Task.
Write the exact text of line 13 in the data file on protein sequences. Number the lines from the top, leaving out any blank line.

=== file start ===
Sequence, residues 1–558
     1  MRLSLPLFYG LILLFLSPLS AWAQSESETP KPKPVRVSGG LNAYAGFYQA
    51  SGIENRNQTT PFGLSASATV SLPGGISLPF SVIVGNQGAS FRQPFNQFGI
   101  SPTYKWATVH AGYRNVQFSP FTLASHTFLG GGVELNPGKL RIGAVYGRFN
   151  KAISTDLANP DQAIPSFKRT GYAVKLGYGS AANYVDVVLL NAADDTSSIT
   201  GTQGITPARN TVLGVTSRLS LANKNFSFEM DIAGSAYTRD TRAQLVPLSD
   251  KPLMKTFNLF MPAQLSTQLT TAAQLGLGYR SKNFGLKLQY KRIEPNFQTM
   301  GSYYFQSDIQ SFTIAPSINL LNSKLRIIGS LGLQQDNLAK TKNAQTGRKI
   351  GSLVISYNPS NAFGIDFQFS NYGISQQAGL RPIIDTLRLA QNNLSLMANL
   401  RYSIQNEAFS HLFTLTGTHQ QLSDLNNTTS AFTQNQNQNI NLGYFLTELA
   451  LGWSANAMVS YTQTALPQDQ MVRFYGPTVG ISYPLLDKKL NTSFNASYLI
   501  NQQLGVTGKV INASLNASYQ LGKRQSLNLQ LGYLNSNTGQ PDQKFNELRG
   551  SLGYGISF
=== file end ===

   551  SLGYGISF